DMers Unhappy With Supreme Court Ruling

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Direct marketers expressed concern yesterday over a ruling the U.S. Supreme Court made Tuesday that reinstates a California law allowing certain police records to be released to the news media and others but requiring that it not be used for commercial purposes.

The court, by a 7-2 vote, overturned a closely watched U.S. appeals court ruling that struck down the California law saying it violated commercial free-speech rights. Chief justice William Rehnquist said the case was not about restricting commercial speech but about access to government records, which the government has a nearly free hand to grant or to withhold.

The case involves United Reporting Publishing Corp., Sacramento, CA, which sells lists of names, addressees and criminal charges of recently arrested individuals in certain parts of California to lawyers, insurance companies, driving schools and other businesses that use the information for marketing purposes.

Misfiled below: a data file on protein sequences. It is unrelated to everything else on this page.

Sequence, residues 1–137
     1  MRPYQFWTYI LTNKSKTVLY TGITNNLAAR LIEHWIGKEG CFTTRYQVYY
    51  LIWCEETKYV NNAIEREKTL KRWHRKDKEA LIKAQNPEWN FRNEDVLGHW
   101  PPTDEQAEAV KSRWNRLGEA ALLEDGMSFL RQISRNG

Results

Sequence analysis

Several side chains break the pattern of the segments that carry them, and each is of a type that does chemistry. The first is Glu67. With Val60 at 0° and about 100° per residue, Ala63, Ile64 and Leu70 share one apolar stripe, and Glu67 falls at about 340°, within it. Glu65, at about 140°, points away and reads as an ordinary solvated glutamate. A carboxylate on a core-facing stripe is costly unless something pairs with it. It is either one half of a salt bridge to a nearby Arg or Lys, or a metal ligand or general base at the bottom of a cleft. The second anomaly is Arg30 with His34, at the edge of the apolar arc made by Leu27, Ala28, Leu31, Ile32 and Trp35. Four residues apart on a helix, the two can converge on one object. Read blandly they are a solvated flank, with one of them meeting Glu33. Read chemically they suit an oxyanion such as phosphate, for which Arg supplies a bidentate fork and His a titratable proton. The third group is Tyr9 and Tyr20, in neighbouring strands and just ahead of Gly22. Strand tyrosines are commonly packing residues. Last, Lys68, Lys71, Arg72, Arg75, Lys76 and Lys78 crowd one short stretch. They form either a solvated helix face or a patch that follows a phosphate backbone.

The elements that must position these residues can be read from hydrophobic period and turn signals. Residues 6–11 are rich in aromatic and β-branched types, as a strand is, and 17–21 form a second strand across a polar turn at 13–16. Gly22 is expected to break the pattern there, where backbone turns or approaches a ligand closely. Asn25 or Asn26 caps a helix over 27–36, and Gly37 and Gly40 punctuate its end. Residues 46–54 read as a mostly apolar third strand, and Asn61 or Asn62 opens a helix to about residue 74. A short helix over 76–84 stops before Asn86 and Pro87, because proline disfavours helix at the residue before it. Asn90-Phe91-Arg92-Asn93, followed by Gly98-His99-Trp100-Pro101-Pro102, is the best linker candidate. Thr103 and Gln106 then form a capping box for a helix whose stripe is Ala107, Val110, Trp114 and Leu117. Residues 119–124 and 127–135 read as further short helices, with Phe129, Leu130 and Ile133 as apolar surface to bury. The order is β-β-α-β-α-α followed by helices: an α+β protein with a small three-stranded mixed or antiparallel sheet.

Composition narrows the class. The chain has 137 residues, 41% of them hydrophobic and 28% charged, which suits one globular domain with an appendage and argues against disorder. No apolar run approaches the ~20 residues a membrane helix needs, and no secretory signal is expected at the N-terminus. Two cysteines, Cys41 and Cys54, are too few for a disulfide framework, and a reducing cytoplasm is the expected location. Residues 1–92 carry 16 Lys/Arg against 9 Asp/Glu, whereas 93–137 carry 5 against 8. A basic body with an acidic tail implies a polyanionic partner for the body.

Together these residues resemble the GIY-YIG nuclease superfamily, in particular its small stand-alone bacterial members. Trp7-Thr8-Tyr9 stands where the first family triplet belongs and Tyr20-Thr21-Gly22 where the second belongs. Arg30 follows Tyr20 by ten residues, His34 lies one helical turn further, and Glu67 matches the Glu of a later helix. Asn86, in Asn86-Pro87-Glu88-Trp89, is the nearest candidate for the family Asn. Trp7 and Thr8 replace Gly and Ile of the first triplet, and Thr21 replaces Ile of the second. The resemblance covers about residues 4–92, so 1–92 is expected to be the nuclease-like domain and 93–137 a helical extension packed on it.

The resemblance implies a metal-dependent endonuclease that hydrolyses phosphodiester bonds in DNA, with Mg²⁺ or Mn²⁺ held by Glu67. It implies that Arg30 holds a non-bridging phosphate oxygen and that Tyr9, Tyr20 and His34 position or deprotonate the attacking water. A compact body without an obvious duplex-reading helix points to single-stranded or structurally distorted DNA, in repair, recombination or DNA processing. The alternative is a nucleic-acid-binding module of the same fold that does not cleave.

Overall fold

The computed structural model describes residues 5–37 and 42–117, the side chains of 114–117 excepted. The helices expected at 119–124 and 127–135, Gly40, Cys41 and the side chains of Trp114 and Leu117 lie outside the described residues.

In 1997, the Los Angeles Police Dept. sued because the state's public records law had been amended to prohibit the release of information to those who cannot truthfully sign a statement that it "shall not be used directly or indirectly to sell a product or service."

Rehnquist agreed that the law was not an abridgment of anyone's right to engage in free speech but simply a law regulating access to information in the hands of the police department.

The Direct Marketing Association was particularly concerned by the decision but hopes it will be appealed.

"We were disappointed," said Jerry Cerasale, senior vice president of government affairs at the DMA. "We have always felt that public information should remain in the public domain and are confident that the Ninth Circuit [Court], where the case was remanded, will determine that California law restricting access to police department records discriminates against marketers."

DMA officials will talk to state legislators about the importance of access to public information. The United States was founded, Cerasale said, "in part to help protect against the abuse of power that could result from the control of information by government. It is this freedom of information that is the lifeblood of the information economy from which Americans are reaping so many benefits."

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